As the new year unwinds, I continue my experiments that focus on the coexistence between nature and human nature. Over the last few weeks I have been completely enamored by the overwhelming artistry of trees. It’s as though the discovery of winter’s bare statues has brought a new way to see, really see, their extraordinary visual grandeur.

My emotions are heightened and an inner peace surges as the realization mounts: every tree and its various elements offer limitless aesthetics to uncover. And each discovery saturates the spirit with a new sense of life’s offerings. Those feelings are what binds us to nature, and what created an inextricable connection that can never be severed. This partnership, this interaction is necessary for a sustainable life tomorrow. That is the essential mission of humanity today and everyday.

In the Lens section is my new series that nestles inside the main series on coexistence. It’s an ode to trees, which remain one of the most important links to a healthy planet. As we learn more and more about their own ability to communicate within networks, we learn more and more about our own abilities. Trees are a clear and present force of nature’s role in our own future trajectory.

This image–a composite of two trees, one in spring and the other in winter–represents my vision of nature’s multiplicity and omniscience. This photomontage is the beginning of a series within the overarching idea of coexistence between nature and human nature.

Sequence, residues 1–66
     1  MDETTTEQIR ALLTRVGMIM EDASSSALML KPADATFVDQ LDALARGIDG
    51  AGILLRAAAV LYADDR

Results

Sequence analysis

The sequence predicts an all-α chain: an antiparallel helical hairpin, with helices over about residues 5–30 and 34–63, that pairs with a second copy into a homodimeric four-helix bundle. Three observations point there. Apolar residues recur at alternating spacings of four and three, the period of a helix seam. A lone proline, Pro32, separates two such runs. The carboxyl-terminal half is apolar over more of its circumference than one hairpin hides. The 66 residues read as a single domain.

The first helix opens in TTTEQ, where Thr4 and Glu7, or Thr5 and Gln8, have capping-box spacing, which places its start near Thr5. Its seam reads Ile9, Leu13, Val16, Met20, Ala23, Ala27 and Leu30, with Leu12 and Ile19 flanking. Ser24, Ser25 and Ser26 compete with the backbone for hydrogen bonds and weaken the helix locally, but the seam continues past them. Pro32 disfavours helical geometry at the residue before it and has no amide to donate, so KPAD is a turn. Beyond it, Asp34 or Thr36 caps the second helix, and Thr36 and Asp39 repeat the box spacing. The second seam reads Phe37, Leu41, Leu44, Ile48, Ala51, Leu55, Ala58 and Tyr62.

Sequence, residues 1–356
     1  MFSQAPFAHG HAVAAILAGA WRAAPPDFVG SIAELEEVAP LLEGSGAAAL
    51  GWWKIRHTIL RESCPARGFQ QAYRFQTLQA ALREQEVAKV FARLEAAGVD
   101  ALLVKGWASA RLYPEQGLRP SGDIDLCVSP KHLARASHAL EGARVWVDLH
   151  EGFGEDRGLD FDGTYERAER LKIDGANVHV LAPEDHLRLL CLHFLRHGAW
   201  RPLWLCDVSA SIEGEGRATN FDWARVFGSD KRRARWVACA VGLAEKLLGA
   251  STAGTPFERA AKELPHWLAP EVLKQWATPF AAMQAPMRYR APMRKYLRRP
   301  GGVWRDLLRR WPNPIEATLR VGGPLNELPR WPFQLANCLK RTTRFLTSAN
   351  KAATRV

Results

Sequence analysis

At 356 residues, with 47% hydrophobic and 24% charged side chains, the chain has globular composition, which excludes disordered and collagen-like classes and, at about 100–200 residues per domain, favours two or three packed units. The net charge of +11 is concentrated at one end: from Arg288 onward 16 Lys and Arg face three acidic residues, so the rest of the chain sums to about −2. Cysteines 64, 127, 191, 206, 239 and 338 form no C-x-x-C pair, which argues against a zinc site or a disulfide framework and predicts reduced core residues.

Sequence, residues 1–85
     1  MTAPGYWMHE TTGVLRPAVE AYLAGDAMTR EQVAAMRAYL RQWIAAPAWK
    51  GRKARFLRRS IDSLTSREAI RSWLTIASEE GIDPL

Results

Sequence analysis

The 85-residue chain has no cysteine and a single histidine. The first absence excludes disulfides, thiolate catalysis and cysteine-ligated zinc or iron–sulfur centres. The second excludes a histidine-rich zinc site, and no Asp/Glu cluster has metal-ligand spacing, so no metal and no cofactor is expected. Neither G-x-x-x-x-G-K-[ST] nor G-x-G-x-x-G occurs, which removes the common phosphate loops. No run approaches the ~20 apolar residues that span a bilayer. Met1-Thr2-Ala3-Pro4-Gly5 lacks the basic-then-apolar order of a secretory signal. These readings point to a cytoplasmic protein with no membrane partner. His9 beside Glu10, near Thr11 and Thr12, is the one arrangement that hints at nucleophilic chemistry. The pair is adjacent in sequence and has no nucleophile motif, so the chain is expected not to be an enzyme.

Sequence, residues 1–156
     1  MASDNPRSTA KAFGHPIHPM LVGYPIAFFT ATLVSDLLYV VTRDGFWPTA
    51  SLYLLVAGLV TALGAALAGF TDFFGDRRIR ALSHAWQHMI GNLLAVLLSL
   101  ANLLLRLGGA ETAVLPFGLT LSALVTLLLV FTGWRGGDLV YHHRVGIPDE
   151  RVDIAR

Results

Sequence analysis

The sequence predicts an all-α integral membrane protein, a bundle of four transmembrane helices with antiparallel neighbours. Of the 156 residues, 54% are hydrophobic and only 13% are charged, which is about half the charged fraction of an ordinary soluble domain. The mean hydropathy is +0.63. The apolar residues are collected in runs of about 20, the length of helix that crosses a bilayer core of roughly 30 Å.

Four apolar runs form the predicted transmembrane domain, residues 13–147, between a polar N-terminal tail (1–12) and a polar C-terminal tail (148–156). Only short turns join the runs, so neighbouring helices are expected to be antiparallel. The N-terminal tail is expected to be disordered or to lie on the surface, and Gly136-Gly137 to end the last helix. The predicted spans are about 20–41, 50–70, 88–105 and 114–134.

On a recent walk through a local botanical garden, I spied numerous varieties. From crepe myrtle to hibiscus (mallow family, Rose of Sharon) to Vitebsk (verbena family, Chasetree) to St. Johnswort (‘Gemo,’ Garcina family) the afternoon was devoted to the omnipresence of winter’s bare trees: those stalwart symbols of nature’s seasonal pledges of abundance, interdependence and survival.

But there is another aspect to a tree’s role as one of nature most familiar of progeny: they provide an intangible and tangible sanctuary to dwell. Trees of winter are shelters for my soul. They coerce me to pay attention, asking me to examine their nakedness, and call upon their quiet, statuesque form and stark eloquence.

Note:

The New York Times and its campaign about truth continues.

From a 2018 poster, click on image to enlarge.

 

Posted in Black-and-White Photography, Design, Digital Art, Mobile Photography, Nature, Nature Photography, Photography, Photomontage, Writing | Tagged , , , , , , , | 26 Comments

Nature Photography: Coexistence (N0. 11)

17 December 2018

Lens:

Taken in Camera+ and edited in Snapseed and Pixlr.

Floral Sky Photomontage, All Rights Reserved 2018 Sally W. Donatello

Floral Sky Photomontage, All Rights Reserved 2018 Sally W. Donatello